resident Donald Trump addressed the country from the White House Wednesday morning, about three and a half hours after a shooting at a congressional baseball practice in Alexandria, Virginia. Five people were injured, including House Majority Whip Steve Scalise—the third-ranking Republican.
Trump for the most part appeared to follow a teleprompter while delivering a thoughtful, moving call for unity. He spoke for a bit longer than four minutes, beginning by providing details about the shooting, which was reported shortly before 8 a.m. EDT, and then announcing that the assailant had died from injuries and that the FBI, which took over the investigation, would provide updates as they became available.
Trump commended the heroic actions of the two officers from the U.S. Capitol Police who sustained injuries while stopping the gunman, as well as the local Alexandria officials who responded. “Melania and I,” he said about the first lady, “are grateful for their heroism, and praying for the swift recovery of all victims.”
He said Washington, the country and the entire world were praying for the victims, and that he pledged his full support when he spoke with Scalise’s wife and Capitol Police Chief Matthew Verderosa. Scalise is one of his friends.
Before ending, Trump encouraged Americans to take time Wednesday to “cherish those you love.”
“Our children deserve to grow up in a na tion of safety and peace,” he added. “We are strongest when we are unified and when we work together for the common good.”
The speech was a stark contrast to others Trump has given in the past, especially on the campaign trail, where he often didn’t use a teleprompter. But it also was the first address he gave as president following a high-profile shooting, coming shortly before the six-month mark of his time in office. How did his address compare to those given by his predecessor, former President Barack Obama?
Trump vs. Obama
Obama took his first oath of office in January 2009. Less than three months later, a gunman opened fire inside a community center in Binghamton, New York, killing 13 and wounding four. At the time, it was one of the deadliest mass shootings in the country. That afternoon, Obama issued a statement, saying he and the first lady, Michelle Obama, were “shocked” and “deeply saddened.” He continued: “Our thoughts and prayers go out to the victims, their families and the people of Binghamton,” and promised Americans his administration was actively monitoring the situation.
Seven months later, on November 5, a gunman fatally shot 13 soldiers and injured dozens of others at the Fort Hood Army base in Texas. While speaking at the Interior Department in the immediate aftermath of the shooting, Obama promised “answers to every single question” about the shooting. He said he had spoken with Defense Secretary Robert Gates, and would share updates as they received information. Similar to Trump commending the Capitol Police officers Wednesday, Obama thanked soldiers for their “selfless and courageous decision” to risk their lives for other Americans. At the time, he was criticized for not immediately calling the incident a terrorist attack carried out by a Muslim Army major.
Over the next seven years, Obama proceeded to give at least 15 other speeches following shootings in, among other places, Tucson, Arizona; Aurora, Colorado; Newtown, Connecticut; Charleston, South Carolina; San Bernardino, California; and Orlando. Sometimes, he spoke at memorial services; other times, from the White House. Obama called for stricter gun laws, and condemned both hate crimes and terrorist attacks. After the massacre at the Orlando nightclub in June 2016, he mentioned all three.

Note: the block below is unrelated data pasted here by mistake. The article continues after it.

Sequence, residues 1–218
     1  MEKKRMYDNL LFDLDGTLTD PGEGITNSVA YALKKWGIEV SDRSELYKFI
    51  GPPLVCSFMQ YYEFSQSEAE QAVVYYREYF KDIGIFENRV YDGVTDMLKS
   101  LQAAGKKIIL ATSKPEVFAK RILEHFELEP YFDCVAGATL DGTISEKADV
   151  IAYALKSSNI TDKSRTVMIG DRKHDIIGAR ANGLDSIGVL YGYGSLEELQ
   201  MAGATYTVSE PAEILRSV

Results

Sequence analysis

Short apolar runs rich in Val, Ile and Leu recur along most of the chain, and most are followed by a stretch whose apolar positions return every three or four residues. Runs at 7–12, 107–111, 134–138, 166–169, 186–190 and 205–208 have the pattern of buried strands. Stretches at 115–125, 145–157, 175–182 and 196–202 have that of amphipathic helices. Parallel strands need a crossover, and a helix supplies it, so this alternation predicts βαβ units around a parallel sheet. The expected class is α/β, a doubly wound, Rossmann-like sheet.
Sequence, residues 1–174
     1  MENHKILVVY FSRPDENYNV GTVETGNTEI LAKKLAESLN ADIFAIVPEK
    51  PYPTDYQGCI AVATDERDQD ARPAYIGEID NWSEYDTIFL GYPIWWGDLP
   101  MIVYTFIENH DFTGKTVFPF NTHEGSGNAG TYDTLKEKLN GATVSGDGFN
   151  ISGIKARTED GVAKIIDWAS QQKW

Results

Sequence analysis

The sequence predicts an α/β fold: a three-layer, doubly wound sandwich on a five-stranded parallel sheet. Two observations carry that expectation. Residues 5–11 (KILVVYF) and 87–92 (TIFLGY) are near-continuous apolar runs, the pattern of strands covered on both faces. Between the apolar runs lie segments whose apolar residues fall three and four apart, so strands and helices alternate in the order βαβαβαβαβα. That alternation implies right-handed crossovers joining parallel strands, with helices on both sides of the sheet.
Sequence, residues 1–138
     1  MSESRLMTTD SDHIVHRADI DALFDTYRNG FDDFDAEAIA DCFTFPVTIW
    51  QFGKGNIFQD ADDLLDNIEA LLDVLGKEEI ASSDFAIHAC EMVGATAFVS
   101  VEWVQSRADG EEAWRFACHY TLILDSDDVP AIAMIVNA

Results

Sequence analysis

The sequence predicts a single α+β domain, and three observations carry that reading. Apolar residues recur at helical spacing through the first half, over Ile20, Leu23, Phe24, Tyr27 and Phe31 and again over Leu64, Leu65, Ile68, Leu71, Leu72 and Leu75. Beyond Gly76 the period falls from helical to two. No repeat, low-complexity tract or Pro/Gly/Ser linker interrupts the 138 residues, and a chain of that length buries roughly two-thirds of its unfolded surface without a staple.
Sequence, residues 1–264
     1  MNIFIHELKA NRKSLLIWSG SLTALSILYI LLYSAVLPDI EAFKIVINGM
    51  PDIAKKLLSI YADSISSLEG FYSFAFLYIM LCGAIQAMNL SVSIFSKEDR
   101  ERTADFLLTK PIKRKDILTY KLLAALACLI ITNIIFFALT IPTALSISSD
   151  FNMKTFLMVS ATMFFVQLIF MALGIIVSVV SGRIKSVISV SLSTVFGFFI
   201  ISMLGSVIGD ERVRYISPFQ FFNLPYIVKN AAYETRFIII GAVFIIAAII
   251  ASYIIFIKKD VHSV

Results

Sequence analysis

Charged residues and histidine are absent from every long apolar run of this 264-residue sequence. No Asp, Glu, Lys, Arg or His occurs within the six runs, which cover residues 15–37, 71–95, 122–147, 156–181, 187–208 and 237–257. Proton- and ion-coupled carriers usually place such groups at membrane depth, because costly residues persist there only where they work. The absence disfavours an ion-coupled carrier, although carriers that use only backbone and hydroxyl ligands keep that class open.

Early on, Obama’s remarks solely focused on the details about the event, his thoughts and prayers for the victims and their families and an offering of help from federal law enforcement—all of which were touched on during Trump’s address Wednesday.
Later on, mostly in Obama’s second term, the conversations surrounding many of the shootings often turned to the partisan debate over gun control. The December 2012 shooting at Sandy Hook Elementary School was arguably the beginning of that conversation, when Obama delivered a four-minute statement during which he grew emotional, wiping away tears as he spoke about the 20 first-graders and six educators who died at their school. “They had their entire lives ahead of them,” he said.
And two years ago, after the massacre at the historic church in Charleston, he led a rendition of “Amazing Grace” during a memorial service for the victims, which included his friend, Reverend Clementa Pinckney.
Toward the end of his second term, Obama admitted that his speeches, the reporting and the conversations surrounding each shooting had become “routine,” and that the country had become “numb” to such events.
On Wednesday, Trump did not once mention guns or the debate around the issue, beside saying “a gunman opened fire on members of Congress and their staff.” The Sandy Hook Elementary shooting arguably was the turning point for Obama, after which he launched a wide public relations campaign for stricter gun laws at the federal level. But a measure to strengthen gun background checks died in the Senate four months after the Connecticut massacre. With each shooting after Sandy Hook, his irritation grew more apparent in his speeches. It remains to be seen whether Trump will also evolve on the issue.
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